Posted on: August 27, 2014

Press Council of India chairman Markandey Katju has set the cat among the pigeons by calling for an amendment to India’s Contempt of Courts Act, 1971. “There is an urgent need to amend the law because the judiciary should not be above suspicion,” Katju, a retired Supreme Court judge, says.

He argues that times have changed and today, every state functionary should be questioned. “In the olden days, the King was the master and people were the subjects. Since judges used to be delegates of the King, they had authority and dignity. But in a democracy, this relationship has been reversed. It’s the people who are the masters now and the state authorities, including judges, are their servants,” he says.

Katju’s comments came in the wake of the Supreme Court’s observation last month that the truth, if it is said in good faith and in public interest, is a valid defence against charges of contempt of court. The apex court dropped the 24-year-old contempt proceedings against journalist Arun Shourie for writing against its then sitting judge in an editorial.

Many legal experts feel that the contempt of court law should, in fact, be amended. They point out that contempt goes against the very spirit of freedom of expression. “Contempt is nothing but censorship and there is no place for censorship in the Constitution,” Upendra Baxi, professor of law at the University of Warwik, says.

Baxi had questioned Supreme Court judges in 1979 in an open letter after the court acquitted two policemen of custodial rape in the famous Mathura case. The questions — and the outrage that the acquittal triggered — led to amendments in the rape law.

Experts say that Article 19(1)(a) of the Constitution, which guarantees freedom of speech, should have primacy and that Articles 129 and 215, which relate to powers of judges, are only secondary to it.

Yet there are also those in the legal fraternity who believe that amending the contempt law would not be a good idea. Attorney-general Mukul Rohatgi, for example, is not in favour of amending the law. “This law is important to maintain the decorum of the court,” he says.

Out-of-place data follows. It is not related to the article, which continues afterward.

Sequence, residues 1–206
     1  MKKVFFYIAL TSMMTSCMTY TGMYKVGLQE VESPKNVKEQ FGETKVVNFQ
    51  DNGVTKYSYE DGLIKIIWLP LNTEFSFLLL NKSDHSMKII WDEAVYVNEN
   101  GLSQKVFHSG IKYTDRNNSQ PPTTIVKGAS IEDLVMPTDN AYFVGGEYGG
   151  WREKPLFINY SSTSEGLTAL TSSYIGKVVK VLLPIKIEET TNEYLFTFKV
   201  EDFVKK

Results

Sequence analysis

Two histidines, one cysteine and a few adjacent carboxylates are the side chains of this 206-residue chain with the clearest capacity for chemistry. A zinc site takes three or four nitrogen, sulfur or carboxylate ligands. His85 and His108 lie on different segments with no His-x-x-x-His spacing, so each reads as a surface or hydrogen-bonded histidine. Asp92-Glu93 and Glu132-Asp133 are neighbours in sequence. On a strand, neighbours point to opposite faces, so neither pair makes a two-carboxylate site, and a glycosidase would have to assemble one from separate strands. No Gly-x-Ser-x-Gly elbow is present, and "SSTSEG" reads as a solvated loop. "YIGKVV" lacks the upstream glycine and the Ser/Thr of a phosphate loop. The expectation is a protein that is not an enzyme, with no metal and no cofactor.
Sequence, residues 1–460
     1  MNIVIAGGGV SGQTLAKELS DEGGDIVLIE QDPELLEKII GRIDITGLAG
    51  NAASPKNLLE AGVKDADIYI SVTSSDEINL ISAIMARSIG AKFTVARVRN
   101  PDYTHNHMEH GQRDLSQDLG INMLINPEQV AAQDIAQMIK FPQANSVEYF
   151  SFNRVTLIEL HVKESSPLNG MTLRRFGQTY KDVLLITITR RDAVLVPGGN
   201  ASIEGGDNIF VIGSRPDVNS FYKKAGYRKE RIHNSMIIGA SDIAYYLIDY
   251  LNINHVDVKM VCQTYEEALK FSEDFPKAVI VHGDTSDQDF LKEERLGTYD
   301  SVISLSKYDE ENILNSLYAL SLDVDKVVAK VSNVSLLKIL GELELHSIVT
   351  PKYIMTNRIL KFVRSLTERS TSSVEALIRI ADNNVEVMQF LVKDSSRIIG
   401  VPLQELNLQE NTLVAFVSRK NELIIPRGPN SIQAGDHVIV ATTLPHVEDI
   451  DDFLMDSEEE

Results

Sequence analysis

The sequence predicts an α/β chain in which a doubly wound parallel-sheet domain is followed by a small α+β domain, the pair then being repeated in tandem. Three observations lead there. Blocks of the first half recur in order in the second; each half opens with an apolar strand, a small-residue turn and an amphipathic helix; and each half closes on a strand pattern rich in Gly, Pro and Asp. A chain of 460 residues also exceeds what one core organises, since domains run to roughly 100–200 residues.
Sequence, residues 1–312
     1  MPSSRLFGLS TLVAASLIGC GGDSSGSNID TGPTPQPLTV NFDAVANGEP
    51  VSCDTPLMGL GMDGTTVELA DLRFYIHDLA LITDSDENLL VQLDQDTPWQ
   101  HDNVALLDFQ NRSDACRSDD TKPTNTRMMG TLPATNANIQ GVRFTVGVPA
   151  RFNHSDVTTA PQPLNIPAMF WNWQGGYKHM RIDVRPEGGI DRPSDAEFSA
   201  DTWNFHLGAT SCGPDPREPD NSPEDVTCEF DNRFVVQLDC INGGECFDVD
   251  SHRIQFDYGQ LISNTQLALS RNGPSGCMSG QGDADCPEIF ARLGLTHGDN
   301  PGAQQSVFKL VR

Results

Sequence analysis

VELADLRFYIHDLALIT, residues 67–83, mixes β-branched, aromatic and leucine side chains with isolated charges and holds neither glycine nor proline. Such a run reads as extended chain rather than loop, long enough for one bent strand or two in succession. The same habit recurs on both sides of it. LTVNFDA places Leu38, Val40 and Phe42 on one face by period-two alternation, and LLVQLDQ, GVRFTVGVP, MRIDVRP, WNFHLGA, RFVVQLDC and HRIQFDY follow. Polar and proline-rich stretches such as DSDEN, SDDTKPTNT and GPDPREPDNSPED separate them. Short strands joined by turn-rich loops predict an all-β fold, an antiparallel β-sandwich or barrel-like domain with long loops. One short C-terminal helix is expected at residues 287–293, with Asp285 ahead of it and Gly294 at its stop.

Others say that it is time to do away with the offence related to “scandalising” the court in the law. The act says, “criminal contempt” means the publication (whether by words, spoken or written, or by signs, or by visible representation, or otherwise) of any matter or the doing of any act which scandalises or lowers the authority of any court. The maximum punishment for contempt of court is six months of imprisonment.

The contempt law is actually enforced quite often in India. Recently, the Supreme Court upheld the conviction of Uttar Pradesh lawyer Bal Kishan Giri for contempt of court for his “wild and scandalous” accusations against judges of the Allahabad High Court and several other judicial officers in the case, Bal Kishan Giri vs State of UP. The Allahabad High Court had convicted the lawyer for contempt of court and sentenced him to one month’s simple imprisonment and a fine of Rs 20,000.

Again, in 2007, three journalists and the publisher of an English tabloid were sentenced to four months in jail by the Delhi High Court for accusing a former chief justice of India of corruption. Earlier, in 2002, the apex court issued a suo motu contempt notice to writer Arundhati Roy for her comments against the judiciary, sentencing her to a one-day “symbolic imprisonment” and a fine of Rs 2,000.